Talking shop with a couple of heroes.
In this episode, we talk about solving problems via Amazon Web Services with Ken Collins, AWS Serverless Hero and staff engineer at Custom Ink, and Vlad Ionescu, AWS Container Hero and DevOps consultant.
Ben Halpern is co-founder and webmaster of DEV/Forem.
Christina Gorton is a Developer Advocate at Forem. She is a LinkedIn Instructor and technical writer.
Ken Collins is an AWS serverless hero and principal engineer at Custom Ink where he focuses on growing their DevOps culture within the Ecommerce teams. Custom Ink is approaching its 20th year in business and is entering its second phase of Cloud adoption, where he helps a growing platform technology team succeed using AWS-first well-architected patterns.
Vlad Ionescu is a consultant focused on getting companies to high-performing levels. He is an AWS Container Hero and focuses extensively on developer velocity.
[00:00:01] KC: For the love of God, this stuff is hard and I don’t want to worry about things. And fun fact, Fargate and Lambda run on the same technology, I believe, that’s called Firecracker.
[00:00:12] VI: Yeah. We’re not lazy. We’re energy efficient.
[00:00:28] BH: Welcome to DevDiscuss, the show where we cover the burning topics that impact all of our lives as developers. I’m Ben Halpern, a Co-Founder of Forem.
[00:00:29] CG: And I’m Christina Gorton, Developer Advocate at Forem. Today, we’re talking about Amazon Web Services with Ken Collins, AWS Serverless Hero and Staff Engineer at Custom Ink, and Vlad Ionescu, AWS Container Hero and DevOps Consultant. Thank you both for joining us.
[00:00:53] KC: Thank you.
[00:00:54] VI: Thank you. It’s an honor to be here.
[00:00:55] BH: All right. So AWS is a big topic. And today, we are going to cover all of it, but that’s a lot to get into. I mean, despite it being, we’re just talking about one specific cloud provider, it’s obviously a huge part of the developer industry as a whole. So absolutely, this type of episode is really valuable to cover all sorts of that stuff. But before we get into that, can you start us off Ken, by getting into your background as a technical worker and developer?
[00:01:26] KC: I’m about I think 13 or maybe 14 years into my programming career. I’m almost 50 years old now. So I started late as a software engineer. Prior to that, I was like a graphic artist and a middle manager at an ad agency and a marketing director. And I’ve always approached technology and programming from a Ruby on Rails background. So that was my first language. And I’d say after about 10 years of getting really good, I’ve done a lot of open source work with the Rails community. I maintain the SQL Server Adapter for a while. Well, I was proud enough to represent the Ruby community along with a couple of other folks from the Python community when Microsoft was first doing well with reaching out to open source. But here, lately, at Custom Ink, I’ve been there for about eight years and over the past few years have sort of dedicated my experience to sort of retooling my career, getting completely unfamiliar with how to do anything right, and learning all about AWS and how we can adapt AWS at Custom Ink to sort of like complete our second journey into the cloud. We went into the cloud about four years ago, but then there’s a desire to use the cloud more often and natively. And I started learning Lambda about a couple of years ago. And then maybe about a year or so ago, AWS recognized the work that I had done with Ruby and Rails, specifically in Lambda, and asked me to become a hero. And I’ve been advocating for Lambda since then and having a really good time at it.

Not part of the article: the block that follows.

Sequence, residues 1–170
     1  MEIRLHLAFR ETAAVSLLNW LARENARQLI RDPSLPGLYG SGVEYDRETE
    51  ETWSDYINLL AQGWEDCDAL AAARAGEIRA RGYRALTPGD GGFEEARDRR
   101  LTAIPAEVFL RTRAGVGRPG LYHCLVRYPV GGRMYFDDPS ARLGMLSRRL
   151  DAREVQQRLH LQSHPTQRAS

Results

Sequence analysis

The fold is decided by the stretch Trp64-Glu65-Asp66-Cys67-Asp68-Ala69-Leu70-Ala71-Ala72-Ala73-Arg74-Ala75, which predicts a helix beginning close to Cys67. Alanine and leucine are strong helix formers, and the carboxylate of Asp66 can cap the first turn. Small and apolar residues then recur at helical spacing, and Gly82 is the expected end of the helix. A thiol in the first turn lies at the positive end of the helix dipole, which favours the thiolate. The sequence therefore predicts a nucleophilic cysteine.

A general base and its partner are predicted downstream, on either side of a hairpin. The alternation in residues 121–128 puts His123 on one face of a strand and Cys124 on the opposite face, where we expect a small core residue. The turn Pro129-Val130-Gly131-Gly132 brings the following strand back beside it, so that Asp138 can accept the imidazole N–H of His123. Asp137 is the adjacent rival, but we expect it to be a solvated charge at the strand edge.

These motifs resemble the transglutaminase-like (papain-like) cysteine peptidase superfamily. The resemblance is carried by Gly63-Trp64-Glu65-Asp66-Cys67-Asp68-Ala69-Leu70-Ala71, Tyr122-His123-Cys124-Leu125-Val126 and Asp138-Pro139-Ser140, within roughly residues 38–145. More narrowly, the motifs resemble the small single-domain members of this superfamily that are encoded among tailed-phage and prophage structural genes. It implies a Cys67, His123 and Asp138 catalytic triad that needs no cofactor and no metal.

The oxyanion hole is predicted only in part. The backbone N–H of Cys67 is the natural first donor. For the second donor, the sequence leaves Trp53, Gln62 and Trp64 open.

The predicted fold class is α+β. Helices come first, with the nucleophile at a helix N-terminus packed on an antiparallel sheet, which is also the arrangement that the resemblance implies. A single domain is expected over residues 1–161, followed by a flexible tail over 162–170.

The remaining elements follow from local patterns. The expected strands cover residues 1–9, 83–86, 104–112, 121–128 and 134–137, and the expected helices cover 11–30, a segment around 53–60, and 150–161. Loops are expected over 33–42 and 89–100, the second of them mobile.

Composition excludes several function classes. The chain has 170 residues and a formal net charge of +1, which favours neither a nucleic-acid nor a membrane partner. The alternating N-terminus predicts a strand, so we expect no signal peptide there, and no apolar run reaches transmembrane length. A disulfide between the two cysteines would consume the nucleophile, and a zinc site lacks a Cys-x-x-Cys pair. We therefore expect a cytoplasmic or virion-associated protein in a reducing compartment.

[00:02:49] CG: So you’ve been at Custom Ink you said around eight years, which is a really long time for a lot of engineers to stay in one company. Can you talk at all about what Custom Ink is specifically and a little bit more? You just described some of it, but a little bit more about what your jobs look like over the past couple of years.
[00:03:06] KC: Yeah. That’s a really good question too because I think a lot of times in dev advocacy we talk about things that are sort of close to us and how our company solves things. And a lot of those problems are very contextual, right? What works for Custom Ink may not work for other people. So the company is about 20 years in business, have used Rails since Rails 1. So you can imagine we have a lot of Rails apps. When I first joined, there were just two big ones and now there’s hundreds and a lot of my career there has been helping us adapt and sort of modernize the architecture. And that’s really fun at a company that is moving the architecture forward. Not because of some sort of diagrams that we’ve written that said, “This looks good,” it’s because sort of like our business success has forced those ley lines of the architecture to be more understood where we have to abstract things out and stuff. So I work across different business units and teams to sort of tie together a technical strategy in many cases, and I think that’s a lot of what’s been over the past few years with a little bit of emphasis maybe on SRE and new business venture unlocks and stuff like that.